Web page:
The limiting portion 30 of board 26 extends generally transversely of the elongated portion 28, with the elongated portion making an angle therewith which substantially corresponds with the angle downward incline of the channel 16 between adjacent rows of tube runs 14. The inwardly facing surfaces 32 of limiting portion 30 immediately above and below the corners formed by the intersections of the elongated portion 28 therewith serve to limit the inward insertion of probe 20 into tube array 12 by engaging a respective pair of tubes, designated 14' in FIG. 1.
The elongated portion 28 of board 26 is of sufficient length to extend well within the tube array 12 and the temperature sensor 22 is mounted toward the distal end thereof. Sensors 22 and 24 are preferably suitable thermistors known in the art, however, it will be appreciated that other relatively compact forms of temperature sensing elements such as RTD's, thermocouples, and semiconductors might be used. Both thermistors 22 and 24, though especially freeze-up thermistor 22, are positioned within recesses formed in the surface of the support board 26. As illustrated in FIG. 4, such recesses are conveniently provided by a hole or bore 40 extending entirely through the thickness of the board. Thermistors 22 and 24 are sufficiently small that they do not extend substantially beyond the thickness of the board on either side. The leads from the thermistors 22, 24 extend through small feed-through holes in the board to printed circuit contact pads to which they are soldered on the opposite surface of the board. The air temperature sensing thermistor 24 is mounted at a position on limiting portion 30 of board 26 which positions it at about one-quarter to three-quarters of an inch upstream of the evaporator tube array 12, including fins 18, in the incoming airstream.
Printed circuit leads 50 on board 26, illustrated in FIG. 3, conduct the electrical temperature signals developed by thermistors 22 and 24 to a terminal position on the limiting portion 30 of the board. A 3 or 4 conductor cable 60, connected at one end to the terminals for the printed circuit conductors from thermistors 22, 24, conducts the respective temperature signals to a controller (not shown) for effecting suitable control action. The four individually insulated conductors within cable 60 feed from one end of the cable through small feed-through holes in board 26 to their respective contact pads on the board. The cable 60 extends in the opposite direction through a strain-relief opening in the board 26 for extension to and connection with the controller.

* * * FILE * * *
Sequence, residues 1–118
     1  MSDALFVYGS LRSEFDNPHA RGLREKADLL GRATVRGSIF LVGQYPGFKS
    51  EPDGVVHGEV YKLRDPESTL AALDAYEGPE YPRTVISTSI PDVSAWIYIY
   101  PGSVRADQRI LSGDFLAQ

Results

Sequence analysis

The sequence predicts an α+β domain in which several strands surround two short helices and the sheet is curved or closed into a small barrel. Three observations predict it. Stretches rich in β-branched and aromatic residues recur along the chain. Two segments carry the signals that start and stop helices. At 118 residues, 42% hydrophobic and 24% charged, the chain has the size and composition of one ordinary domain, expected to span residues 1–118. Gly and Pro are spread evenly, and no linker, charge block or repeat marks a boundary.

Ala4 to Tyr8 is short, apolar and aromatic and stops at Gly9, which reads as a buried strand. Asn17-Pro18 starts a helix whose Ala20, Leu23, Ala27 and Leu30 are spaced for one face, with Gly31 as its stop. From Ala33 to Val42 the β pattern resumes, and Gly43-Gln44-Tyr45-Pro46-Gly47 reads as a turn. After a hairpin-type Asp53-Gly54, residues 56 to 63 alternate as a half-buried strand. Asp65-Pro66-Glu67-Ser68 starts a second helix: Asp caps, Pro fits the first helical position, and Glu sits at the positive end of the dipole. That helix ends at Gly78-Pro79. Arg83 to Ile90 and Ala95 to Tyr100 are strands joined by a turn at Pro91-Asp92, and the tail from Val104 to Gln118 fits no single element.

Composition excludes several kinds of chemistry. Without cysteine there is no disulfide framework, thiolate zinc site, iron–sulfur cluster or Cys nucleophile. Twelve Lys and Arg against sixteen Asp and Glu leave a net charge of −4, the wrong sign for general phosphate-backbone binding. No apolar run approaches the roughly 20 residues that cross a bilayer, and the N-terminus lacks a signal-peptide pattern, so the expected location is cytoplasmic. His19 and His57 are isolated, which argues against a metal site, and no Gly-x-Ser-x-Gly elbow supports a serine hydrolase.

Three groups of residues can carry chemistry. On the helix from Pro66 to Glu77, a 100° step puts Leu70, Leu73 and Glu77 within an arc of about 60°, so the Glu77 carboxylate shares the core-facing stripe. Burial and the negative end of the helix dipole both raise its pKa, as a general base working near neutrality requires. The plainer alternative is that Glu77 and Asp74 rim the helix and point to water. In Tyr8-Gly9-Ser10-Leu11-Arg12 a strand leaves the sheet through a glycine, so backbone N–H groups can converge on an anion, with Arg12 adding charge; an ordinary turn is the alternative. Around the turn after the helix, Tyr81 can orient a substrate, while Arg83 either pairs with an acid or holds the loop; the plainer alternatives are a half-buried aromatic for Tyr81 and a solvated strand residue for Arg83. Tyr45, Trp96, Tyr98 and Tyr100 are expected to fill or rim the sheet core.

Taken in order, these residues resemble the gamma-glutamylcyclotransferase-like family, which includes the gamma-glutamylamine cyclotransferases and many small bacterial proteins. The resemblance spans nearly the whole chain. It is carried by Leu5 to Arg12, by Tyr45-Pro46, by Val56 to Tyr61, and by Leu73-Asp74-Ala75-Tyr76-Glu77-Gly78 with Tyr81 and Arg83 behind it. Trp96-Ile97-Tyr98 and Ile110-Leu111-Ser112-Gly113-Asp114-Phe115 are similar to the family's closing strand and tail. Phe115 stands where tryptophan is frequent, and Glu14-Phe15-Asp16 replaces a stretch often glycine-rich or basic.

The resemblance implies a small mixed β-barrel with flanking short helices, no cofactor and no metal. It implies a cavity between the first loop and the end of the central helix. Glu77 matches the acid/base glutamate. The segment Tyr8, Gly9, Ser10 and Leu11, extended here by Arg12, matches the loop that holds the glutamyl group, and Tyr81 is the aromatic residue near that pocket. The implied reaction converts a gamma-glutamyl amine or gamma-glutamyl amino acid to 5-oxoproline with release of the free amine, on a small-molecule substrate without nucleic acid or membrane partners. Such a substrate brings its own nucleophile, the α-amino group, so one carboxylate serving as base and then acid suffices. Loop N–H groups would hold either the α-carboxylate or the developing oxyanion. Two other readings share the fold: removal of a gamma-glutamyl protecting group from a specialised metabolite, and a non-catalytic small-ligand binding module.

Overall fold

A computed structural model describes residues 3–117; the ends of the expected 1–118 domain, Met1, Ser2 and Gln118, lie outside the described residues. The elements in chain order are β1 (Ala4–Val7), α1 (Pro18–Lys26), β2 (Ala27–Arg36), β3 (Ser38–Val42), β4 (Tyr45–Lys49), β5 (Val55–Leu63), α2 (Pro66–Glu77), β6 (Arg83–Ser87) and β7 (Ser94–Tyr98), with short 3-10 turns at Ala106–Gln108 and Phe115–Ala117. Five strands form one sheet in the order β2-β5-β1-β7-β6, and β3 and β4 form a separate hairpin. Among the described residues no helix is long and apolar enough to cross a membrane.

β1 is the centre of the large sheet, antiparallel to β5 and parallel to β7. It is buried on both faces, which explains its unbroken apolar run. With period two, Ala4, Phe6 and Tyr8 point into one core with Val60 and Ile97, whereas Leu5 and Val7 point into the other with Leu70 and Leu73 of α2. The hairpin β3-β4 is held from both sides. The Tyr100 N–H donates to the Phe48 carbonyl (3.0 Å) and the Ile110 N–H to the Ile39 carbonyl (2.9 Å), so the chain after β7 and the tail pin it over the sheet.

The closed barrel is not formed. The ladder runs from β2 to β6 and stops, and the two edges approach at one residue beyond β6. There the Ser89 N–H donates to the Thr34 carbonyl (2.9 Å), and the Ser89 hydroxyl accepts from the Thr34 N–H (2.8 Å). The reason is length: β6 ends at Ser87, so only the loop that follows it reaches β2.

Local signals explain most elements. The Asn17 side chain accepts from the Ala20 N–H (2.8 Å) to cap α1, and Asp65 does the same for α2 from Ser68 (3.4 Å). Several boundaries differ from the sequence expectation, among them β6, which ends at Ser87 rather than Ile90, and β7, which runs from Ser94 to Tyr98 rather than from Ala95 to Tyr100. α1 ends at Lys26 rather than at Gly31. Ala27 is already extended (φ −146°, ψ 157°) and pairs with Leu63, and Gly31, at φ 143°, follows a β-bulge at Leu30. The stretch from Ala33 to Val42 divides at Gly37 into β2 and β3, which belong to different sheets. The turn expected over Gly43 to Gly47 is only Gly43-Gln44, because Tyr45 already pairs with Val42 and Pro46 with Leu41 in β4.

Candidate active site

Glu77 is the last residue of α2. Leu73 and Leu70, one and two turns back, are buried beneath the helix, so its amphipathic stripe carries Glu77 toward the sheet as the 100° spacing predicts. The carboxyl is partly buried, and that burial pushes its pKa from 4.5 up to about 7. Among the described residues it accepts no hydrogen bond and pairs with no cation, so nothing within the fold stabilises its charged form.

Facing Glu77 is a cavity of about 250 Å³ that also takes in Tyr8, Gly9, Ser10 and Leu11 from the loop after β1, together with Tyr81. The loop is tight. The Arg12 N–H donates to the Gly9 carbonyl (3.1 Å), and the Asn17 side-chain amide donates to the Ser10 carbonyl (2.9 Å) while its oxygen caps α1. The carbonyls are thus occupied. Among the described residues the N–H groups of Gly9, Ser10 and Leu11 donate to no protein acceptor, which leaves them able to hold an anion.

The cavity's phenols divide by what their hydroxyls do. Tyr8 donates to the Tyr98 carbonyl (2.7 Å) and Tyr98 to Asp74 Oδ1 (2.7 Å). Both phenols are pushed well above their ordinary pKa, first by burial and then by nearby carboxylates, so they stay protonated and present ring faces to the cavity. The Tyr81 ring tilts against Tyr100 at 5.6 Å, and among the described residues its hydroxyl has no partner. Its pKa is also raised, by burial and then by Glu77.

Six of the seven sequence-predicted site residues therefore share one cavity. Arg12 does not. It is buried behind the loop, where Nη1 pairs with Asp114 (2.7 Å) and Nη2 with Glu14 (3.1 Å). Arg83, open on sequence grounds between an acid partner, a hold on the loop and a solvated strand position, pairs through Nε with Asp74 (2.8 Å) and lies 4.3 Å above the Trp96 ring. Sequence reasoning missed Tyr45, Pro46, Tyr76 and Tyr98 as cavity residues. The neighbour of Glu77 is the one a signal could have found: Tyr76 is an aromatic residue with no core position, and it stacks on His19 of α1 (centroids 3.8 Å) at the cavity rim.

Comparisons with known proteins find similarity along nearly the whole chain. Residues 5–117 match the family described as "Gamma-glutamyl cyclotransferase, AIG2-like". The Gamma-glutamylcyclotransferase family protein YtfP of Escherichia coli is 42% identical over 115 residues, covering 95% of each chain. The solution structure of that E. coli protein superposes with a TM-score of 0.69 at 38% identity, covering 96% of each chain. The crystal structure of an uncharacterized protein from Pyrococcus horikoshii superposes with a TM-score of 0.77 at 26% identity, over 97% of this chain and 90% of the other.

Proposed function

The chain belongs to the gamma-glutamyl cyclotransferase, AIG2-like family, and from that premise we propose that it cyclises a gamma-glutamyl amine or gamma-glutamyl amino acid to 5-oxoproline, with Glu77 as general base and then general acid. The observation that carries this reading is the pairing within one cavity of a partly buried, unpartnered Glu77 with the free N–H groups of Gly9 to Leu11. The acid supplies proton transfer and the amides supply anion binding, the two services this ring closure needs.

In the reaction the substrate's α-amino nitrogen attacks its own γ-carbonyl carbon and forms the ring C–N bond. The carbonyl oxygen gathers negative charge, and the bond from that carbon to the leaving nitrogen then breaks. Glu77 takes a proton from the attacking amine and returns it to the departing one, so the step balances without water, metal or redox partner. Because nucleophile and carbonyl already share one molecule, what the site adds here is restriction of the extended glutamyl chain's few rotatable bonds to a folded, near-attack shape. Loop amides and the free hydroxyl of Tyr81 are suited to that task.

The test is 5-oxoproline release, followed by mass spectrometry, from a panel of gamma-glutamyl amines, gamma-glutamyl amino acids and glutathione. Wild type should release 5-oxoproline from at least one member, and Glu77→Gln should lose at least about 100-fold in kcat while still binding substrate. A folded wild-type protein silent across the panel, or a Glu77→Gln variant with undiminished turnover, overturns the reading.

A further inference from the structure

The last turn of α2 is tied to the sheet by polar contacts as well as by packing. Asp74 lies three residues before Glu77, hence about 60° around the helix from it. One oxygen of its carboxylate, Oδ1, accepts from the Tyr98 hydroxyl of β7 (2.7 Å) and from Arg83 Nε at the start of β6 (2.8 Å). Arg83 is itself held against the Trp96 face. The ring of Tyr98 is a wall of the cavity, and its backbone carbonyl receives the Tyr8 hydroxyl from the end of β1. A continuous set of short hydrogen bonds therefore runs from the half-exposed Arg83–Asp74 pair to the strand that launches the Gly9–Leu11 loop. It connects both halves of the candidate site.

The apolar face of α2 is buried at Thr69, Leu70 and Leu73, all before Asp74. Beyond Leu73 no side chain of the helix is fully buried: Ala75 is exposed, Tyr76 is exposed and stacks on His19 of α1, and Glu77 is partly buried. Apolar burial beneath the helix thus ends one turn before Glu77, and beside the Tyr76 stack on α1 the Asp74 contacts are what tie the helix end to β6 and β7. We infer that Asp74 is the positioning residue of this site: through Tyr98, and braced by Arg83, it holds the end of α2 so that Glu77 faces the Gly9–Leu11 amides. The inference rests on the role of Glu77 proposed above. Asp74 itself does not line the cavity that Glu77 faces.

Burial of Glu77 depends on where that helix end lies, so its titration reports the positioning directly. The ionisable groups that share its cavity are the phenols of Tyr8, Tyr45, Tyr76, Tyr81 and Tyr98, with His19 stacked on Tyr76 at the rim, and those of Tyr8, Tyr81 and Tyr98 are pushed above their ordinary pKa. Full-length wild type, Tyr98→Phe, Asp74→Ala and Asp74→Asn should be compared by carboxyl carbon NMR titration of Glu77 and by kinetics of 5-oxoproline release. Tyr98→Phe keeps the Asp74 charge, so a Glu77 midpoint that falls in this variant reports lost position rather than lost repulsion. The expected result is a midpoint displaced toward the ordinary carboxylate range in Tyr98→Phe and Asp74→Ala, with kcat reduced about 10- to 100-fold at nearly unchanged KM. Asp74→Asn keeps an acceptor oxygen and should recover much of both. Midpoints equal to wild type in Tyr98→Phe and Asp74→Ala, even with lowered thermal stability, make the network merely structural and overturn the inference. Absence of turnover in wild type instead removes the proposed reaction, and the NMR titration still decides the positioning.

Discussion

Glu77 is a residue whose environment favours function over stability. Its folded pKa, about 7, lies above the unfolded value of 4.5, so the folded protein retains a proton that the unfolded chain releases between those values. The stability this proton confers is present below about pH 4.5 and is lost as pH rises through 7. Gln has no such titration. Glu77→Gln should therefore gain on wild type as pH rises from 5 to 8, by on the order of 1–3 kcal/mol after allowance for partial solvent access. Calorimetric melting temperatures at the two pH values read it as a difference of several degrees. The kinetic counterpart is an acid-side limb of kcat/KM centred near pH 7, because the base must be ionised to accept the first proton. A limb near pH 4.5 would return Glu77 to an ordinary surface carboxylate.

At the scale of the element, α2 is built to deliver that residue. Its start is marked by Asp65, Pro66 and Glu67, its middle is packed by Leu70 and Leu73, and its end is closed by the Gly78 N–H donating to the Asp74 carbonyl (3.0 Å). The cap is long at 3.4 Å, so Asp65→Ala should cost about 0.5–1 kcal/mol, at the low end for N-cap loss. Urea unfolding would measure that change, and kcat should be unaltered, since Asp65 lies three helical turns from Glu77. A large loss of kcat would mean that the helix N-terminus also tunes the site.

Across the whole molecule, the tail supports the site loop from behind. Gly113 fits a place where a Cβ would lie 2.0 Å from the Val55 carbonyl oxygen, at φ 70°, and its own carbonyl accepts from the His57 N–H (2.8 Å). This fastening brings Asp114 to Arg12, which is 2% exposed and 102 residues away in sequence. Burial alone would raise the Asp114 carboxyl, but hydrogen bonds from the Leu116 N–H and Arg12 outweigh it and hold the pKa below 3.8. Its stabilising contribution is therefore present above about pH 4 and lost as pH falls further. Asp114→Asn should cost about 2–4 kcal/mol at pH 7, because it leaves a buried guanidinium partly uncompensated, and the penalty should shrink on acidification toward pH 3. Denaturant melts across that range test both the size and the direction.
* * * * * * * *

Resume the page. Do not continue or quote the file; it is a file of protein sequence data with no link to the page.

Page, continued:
An insulating covering or envelope is provided about freeze-up thermistor 22 and the various leads extending therefrom along the elongated portion 28 of the board to minimize moisture absorption, to prevent short-circuiting by contact with the electrically conductive fins 18 which are typically of aluminum and to prevent damage during probe insertion. The elongated portion 28 of the board is dip-coated with a thin conformal coating of a suitable synthetic resin, such as PC-101 manufactured by Pan American Research & Development Corporation of Garland, texax, represented by the darkened line 71 in FIG. 4, to provide a degree of electrical and moisture isolation. Then, before coating 71 has completed cured, a section of shrink-fit plastic tubing 70 is slid over the elongated portion 28 of board 26 and is shrunken, as by heating, into close-fitting moisture-tight permanent engagement therewith via intermediate bonding and sealing coating 71. The total thickness of the elongated portion 28 of the board and the shrink tubing 70 thereover, typically being about 0.10-0.14 in., is such as to provide a snug interference fit between an adjacent pair of fins 18. This fit substantially prevents dislodgement and unintended withdrawal of probe 20 from the tube array 12 and provides good thermal contact between the thermistor 22 and fins 18 via shrink tubing 70. The downward incline of the extended portion 28 of the probe may also assist somewhat in probe retention.